Most Recent Articles In Fashion Scoops
Latest Fashion Scoops Articles
- Rosie Huntington-Whiteley to Launch Scent for M&S
- Front Row at Elie Saab
- Della Valle Makes Political Party Move
More Articles By
RAF’S DIOR VIEW: What’s a minimalist going to do at Christian Dior? That’s a question Raf Simons has heard plenty since Monday, when the French fashion house appointed him its new couturier. “I don’t think it’s wrong to call me a minimalist. It’s wrong to call me a minimalist only,” noted the Belgian designer, who had been the creative director of Jil Sander in Milan since 2005. “I am also a romantic person.”
Indeed, if “purism” was the guiding light and primary inspiration for Simons at Jil Sander, it will be “femininity” at the house of Dior, “because it’s beautiful, endless and permanent,” he said. “When I’m married to a house, I will fully embrace its original intention, its original heritage and meaning.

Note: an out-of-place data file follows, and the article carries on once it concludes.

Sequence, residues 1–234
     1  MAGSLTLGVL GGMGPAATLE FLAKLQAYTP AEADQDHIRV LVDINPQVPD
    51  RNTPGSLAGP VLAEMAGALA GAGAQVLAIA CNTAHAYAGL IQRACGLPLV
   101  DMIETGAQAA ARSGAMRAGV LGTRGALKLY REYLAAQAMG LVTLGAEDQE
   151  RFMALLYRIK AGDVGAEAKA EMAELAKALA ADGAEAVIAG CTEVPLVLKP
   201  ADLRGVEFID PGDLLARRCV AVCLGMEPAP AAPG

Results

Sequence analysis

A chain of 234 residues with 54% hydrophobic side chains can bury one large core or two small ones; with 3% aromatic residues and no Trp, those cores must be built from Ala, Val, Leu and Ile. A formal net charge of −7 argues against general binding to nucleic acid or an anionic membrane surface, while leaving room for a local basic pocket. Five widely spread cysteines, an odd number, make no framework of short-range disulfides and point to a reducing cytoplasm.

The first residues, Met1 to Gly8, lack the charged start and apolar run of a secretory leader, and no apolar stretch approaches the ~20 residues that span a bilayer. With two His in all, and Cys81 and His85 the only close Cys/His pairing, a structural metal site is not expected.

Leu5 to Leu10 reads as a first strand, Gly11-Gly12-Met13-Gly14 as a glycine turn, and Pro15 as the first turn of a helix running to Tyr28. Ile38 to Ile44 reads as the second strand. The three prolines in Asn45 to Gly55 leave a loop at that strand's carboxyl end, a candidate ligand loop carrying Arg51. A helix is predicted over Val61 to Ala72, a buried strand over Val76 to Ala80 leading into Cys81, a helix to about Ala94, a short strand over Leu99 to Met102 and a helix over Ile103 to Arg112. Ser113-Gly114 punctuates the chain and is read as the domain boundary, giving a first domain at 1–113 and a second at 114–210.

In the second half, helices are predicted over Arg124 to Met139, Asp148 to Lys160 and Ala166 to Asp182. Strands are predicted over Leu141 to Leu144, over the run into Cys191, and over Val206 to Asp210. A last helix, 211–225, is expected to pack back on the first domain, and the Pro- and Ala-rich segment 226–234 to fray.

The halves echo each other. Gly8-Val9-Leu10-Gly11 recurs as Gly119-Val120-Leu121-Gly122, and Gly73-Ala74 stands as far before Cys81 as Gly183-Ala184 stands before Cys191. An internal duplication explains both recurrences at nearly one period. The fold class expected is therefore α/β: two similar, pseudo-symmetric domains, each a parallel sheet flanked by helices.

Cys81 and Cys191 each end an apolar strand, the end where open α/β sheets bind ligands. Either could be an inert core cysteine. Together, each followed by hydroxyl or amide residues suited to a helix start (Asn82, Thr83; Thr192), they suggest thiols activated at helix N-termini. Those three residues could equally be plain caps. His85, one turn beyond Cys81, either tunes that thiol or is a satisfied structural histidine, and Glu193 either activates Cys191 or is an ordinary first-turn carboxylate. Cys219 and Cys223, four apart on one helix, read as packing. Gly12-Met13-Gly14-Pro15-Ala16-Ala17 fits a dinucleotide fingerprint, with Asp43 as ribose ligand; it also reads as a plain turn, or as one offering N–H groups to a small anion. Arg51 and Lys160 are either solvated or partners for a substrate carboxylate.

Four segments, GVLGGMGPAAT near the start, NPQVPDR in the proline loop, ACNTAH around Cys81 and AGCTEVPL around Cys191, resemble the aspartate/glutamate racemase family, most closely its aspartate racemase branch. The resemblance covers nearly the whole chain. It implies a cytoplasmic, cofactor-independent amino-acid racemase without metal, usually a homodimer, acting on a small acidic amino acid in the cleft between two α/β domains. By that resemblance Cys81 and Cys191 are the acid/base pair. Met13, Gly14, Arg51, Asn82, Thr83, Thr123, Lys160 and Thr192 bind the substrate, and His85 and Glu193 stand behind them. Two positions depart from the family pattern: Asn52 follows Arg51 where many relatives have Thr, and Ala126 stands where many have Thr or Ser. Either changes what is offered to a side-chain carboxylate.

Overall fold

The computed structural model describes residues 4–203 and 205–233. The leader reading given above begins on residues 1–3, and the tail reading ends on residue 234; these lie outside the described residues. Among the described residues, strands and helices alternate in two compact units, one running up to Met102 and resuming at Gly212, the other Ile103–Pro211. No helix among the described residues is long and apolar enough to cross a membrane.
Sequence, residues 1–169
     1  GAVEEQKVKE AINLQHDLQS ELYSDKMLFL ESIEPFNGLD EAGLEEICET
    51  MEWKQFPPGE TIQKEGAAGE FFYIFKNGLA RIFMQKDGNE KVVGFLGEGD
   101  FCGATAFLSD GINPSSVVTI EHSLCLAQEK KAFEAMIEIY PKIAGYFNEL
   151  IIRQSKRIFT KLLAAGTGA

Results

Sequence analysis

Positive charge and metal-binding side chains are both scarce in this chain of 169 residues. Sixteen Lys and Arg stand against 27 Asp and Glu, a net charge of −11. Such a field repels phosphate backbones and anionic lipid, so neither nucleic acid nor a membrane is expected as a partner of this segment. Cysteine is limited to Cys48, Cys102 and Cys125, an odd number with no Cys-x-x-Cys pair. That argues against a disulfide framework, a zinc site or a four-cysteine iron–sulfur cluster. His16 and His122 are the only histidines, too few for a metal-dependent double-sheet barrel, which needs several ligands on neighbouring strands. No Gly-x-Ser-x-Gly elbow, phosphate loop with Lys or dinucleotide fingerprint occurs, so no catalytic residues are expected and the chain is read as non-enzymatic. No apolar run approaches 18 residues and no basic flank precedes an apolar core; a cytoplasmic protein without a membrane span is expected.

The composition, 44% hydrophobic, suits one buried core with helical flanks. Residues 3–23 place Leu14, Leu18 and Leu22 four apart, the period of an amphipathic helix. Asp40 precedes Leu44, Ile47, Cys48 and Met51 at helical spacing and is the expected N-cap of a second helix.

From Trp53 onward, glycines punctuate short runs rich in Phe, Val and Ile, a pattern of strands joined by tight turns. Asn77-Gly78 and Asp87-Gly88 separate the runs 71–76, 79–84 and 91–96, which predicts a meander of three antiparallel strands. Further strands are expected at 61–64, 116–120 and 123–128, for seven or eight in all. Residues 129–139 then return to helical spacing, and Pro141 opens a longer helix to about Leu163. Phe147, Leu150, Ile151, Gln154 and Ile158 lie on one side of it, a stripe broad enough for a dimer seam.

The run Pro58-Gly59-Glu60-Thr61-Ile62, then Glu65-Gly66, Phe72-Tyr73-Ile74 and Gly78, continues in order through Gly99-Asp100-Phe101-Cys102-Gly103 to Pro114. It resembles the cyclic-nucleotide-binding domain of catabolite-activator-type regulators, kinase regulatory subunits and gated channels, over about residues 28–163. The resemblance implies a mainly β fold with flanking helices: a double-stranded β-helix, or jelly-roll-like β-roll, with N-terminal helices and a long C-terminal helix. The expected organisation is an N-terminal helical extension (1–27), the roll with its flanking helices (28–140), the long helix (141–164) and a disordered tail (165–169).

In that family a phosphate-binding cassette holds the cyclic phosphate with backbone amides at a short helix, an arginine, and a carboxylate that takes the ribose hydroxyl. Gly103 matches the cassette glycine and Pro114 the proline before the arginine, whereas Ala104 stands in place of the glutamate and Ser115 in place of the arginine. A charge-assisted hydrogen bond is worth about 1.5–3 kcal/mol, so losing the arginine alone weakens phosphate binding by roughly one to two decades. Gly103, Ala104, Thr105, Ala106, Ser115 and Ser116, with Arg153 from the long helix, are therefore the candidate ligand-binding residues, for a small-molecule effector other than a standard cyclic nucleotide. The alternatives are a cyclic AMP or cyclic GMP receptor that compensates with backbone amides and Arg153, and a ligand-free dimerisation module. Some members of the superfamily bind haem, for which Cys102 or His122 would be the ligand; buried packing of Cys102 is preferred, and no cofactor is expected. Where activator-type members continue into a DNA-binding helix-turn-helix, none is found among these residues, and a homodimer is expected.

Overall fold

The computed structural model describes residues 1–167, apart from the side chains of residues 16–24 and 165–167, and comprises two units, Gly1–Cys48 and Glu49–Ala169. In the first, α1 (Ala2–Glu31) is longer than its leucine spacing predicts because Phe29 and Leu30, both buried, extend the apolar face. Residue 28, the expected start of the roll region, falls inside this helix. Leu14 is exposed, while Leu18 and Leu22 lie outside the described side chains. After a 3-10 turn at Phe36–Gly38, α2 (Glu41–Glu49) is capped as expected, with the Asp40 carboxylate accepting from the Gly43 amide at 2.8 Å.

“I’m interested in creativity, the evolution of creativity and the relationship between creativity and the times we live in,” continued Simons, who was to arrive in Paris today to start work on his first Dior collection — the winter couture he is to show in July.
RELATED STORY: Dior's Couturier Time Line >>
He declined to give any precise indication of what he’s plotting, but elaborated on his affinity for the French house and its founder — up to and including a penchant for plant life and the outdoors. “Even if I travel to Los Angeles, you will always see me going to the hills, to the ocean or to Palm Springs,” he said, listing orchids, tulips and roses among his favorite blooms.
Simons lauded Dior, who died in 1957 only a decade after founding his Paris couture house, for producing such an impressive “body of work” in such a short time span. “The shape evolution was constant, it was very revolutionary,” he said. “The impact was immediate.”
What’s more, Dior’s heyday falls smack in the midcentury period with which Simons has always held a strong affinity. The designer relates to the optimism for the future in the postwar era, which was reflected in design, including the then-radical full-skirted New Look that Dior pioneered.
“I wouldn’t go to that place if I only had minimalism in mind,” he said. “I’m very aware of what the environment is about.”